A lesson in the Bixi funding problem: free lunches aren't free (and shouldn't be underpriced)
The Montreal Gazette has a number of articles (editorial: "Rigorous oversight will help keep Bixi on course;" "City insists taxpayers will still come out ahead") about financing of the Bixi bicycle sharing organization, which comes in the form of a loan from the City of Montreal. Since I am involved in a business that works to sell bicycle sharing too, it would be easy for me to try to seize on this as an illustration of problems with that firm.
While there are problems (some of the conflicts of interest that have been disclosed, and the perennial problem of public-private partnerships doing things off the municipal books), for the most part I think the lessons are more intricate and aren't criticism of Bixi as a business or as a competitor:
1. It's very hard and expensive to develop new transportation technologies. Financing is necessary (unless you can miraculously bootstrap your business) and must be obtained from somewhere.
2. It's hard to obtain investment/have the private sector do the development if the ability to profit from these technologies is questionable. Therefore, government funding is usually needed if you want to do the program.
But government funding of innovation--except for big projects like Airbus, military equipment, DARPA type stuff--is almost impossible to obtain because it is beyond the ability of local governments to fund or conceptualize.
Plus, it's risky, and government is risk-averse. I joke that government officials have nightmares imagining stories about their projects as exposés on the front page of the local newspaper. Hence, it becomes easier to not even try. Look at the Dulles Airport subway station issue as but one example of this general problem.
The sad story of Harrisburg, Pennsylvania in another--their debacles of trying to create a wild west museum off the books by the mayor, plus problems with a waste-to-energy facility have driven the municipality to the point of default, except that the State of Pennsylvania has stepped in.
For example, the bicycle sharing systems originally developed in Europe were a form of bundling by billboard/outdoor media companies. In return for the privilege of selling advertising in public spaces, the outdoor media companies would provide street furniture such as bus shelters, kiosks, restrooms, and even, bike sharing systems.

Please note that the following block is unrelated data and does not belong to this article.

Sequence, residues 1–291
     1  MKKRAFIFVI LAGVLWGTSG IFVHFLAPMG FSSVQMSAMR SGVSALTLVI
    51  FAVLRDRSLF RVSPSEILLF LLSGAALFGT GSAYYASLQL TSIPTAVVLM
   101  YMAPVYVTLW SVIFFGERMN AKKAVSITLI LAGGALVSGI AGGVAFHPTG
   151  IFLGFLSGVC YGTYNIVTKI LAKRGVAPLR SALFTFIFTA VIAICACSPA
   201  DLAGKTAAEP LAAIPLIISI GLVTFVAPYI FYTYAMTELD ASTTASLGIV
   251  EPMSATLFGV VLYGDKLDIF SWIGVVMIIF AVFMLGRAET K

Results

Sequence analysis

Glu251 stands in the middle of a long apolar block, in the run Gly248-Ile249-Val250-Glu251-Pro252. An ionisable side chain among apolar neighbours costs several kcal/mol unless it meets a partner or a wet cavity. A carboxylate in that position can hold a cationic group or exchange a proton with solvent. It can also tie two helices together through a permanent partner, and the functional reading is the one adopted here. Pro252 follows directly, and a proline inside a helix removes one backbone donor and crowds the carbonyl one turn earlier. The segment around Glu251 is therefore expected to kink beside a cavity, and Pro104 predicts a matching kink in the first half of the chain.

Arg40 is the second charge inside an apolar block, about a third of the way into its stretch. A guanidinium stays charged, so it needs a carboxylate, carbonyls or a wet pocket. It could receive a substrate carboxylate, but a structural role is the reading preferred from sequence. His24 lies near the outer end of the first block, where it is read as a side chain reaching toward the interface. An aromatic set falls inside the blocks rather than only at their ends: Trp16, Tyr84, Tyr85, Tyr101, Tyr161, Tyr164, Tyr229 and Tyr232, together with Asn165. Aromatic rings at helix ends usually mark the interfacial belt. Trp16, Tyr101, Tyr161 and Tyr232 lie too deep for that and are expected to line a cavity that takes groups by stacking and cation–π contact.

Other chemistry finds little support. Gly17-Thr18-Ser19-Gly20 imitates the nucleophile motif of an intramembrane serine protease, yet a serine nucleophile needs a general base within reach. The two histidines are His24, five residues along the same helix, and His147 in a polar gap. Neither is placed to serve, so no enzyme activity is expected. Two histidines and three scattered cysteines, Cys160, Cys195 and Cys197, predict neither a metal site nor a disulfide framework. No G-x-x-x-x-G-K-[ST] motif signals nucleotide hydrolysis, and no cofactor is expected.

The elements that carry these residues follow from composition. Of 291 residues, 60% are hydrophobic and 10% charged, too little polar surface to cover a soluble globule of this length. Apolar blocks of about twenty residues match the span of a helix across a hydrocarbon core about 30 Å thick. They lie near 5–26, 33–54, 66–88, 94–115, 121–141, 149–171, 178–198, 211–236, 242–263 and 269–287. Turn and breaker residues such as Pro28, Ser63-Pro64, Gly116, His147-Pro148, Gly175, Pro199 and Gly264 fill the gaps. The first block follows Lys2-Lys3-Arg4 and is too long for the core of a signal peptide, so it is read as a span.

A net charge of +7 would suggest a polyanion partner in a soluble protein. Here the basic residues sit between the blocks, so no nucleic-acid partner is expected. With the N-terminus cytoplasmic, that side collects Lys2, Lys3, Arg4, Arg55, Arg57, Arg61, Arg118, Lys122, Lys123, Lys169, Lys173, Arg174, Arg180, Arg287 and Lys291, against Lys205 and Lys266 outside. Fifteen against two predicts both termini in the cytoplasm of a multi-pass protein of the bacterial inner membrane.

But it wasn't a free lunch. They did it for the advertising money. Similarly, companies aren't doing long term lease deals for toll roads and such because they want to help municipalities out, it's because the terms are so favorable that they will make a lot of money. Cities only do it because they are desperate for funds.
3. The bike sharing systems in North America have a more difficult time launching or funding because most cities have already signed away the privilege of selling advertising in the public space, which could fund this kind of infrastructure, and most of the contracts don't have a provision requiring the vendor to allow the sales of advertising on bike sharing kiosks.
4. And that is irrespective of the cost of developing new infrastructure, even if it has been proven elsewhere. The business model of the Bixi system in Montreal presumes that it won't necessarily be self-funded through operations, instead it projected that revenues generated by selling the technology to other communities would help pay for the system deployed in Montreal.
5. Getting financing from a government agency for technology development is very difficult. It would be impossible I think for most any city in the U.S. to be able to fund the development of bike sharing technology in the way that the Bixi system has been developed in Montreal.
6. I think the lesson is (a.) that cities can't expect to get this stuff--bike sharing systems--for free even though many elected officials think so;
7. and that subscription costs for members at around $75 per year are probably too low.
In fact, this reminds me of the bankruptcy of the English Channel train-tunnel. Construction and financing costs were significantly higher than anticipated. The 100% privately financed system was supposed to cost $2.6 billion but ended up costing $4.65 billion.
But the Eurostar system has a much better chance on breaking even and generating revenues without subsidy compared to a community bike sharing system. After all, the cost of a round trip ticket bought far in advance is more than $100. First class tickets, and tickets not bought in advance cost much more.